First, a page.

There is so much we don’t know about wild birds, their behaviors, their migration patterns, and their relationships with each other and their environment. And no matter how in-depth we may study these feathered creatures from a distance, it seems like we are continually surprised. Since birds are relatively easy to observe, they are well-known by science in comparison to the rest of the world’s wildlife, yet many mysteries remain.
One way of tackling the hidden world of birds, aside from watching them, is to mark and monitor individuals. If we can safely catch an individual bird, we can attach a record to that individual and mark that bird with a unique identifier: a bird band. Bird bands are rings that are affixed to a bird’s leg and are typically made of aluminum or other metal with an engraved identification number.
I first began bird banding in 2006, when I volunteered with the Biocore Prairie Bird Observatory located at the University of Wisconsin – Madison campus. I have been leading bird banding stations and demonstrations ever since then and most recently, I led a bird banding demonstration at the Indiana Dunes Birding Festival in May 2022. Bird banding demonstrations help us explain to the public what we can learn from this research technique, while simultaneously contributing valuable data to the US Geological Survey’s (USGS) Bird Banding Lab, which compiles of all bird banding data across the country.
All bird banders must receive permits from the USGS as well as the state they are operating in to ensure bird banders are qualified and follow protocols to ensure the safety of the birds. Bird banders use many techniques in order to safely capture birds, but the most common technique is by using fine mesh “mist nets” strung between two poles.
What can we learn from bird banding or “ringing” as it’s called in Europe?
If a bird is banded and later recaptured, we can learn about the maximum lifespan for that species. The longest-lived bird is Wisdom, the Laysan Albatross, who is at least 70 years old. Songbirds don't live quite as long as albatrosses, but my own experience with a long-lived bird was a Yellow Warbler that I once banded at Horicon Marsh National Wildlife Refuge in 2014. The individual was later recaptured by another bander at Horicon in 2019 and was determined to be at least 7 years old at the time.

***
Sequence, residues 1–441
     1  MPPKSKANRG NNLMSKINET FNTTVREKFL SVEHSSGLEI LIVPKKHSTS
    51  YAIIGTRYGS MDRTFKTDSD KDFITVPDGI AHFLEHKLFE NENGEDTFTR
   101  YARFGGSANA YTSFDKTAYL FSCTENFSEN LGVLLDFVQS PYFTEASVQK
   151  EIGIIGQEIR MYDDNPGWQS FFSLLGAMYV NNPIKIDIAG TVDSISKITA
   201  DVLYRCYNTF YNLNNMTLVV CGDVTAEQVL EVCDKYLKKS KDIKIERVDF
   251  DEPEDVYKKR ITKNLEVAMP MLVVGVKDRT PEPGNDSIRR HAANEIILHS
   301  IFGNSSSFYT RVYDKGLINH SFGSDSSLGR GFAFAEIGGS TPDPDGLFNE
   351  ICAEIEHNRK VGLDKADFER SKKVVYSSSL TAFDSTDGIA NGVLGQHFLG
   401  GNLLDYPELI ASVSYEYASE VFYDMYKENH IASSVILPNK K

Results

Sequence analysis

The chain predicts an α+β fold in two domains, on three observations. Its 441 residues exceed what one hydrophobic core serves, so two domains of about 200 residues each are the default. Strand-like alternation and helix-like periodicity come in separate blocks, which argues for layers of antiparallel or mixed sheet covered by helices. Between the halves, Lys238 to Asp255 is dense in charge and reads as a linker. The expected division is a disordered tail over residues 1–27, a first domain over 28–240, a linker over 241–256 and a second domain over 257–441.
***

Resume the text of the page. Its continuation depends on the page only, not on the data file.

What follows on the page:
When we catch birds for the first time, we can often only tell if they hatched that year, hatched the previous year, are at least a year old, or at least two years old. For some species you may be able to determine that the bird is at least three years or four years old. Assessing a bird’s age depends on the species, but the clues are often revealed by the amount of wear on the feathers. Feathers lose their luster over time, which is why birds molt to replace them. A juvenile bird’s feathers often wear out sooner than an adult’s and the pattern of feather replacement (when a bird molts) can help clue us in on the bird’s age.
We can also determine a bird’s sex by looking at breeding characteristics that may or may not be apparent by watching a bird through binoculars. For some birds, their sex can be determined by obvious plumage differences, but for others we look for development of a “brood patch,” or a build-up of fluid beneath the belly skin used to incubate young or a “cloacal protuberance,” which is the visible growth of the male testes, to determine sex with a bird in the hand.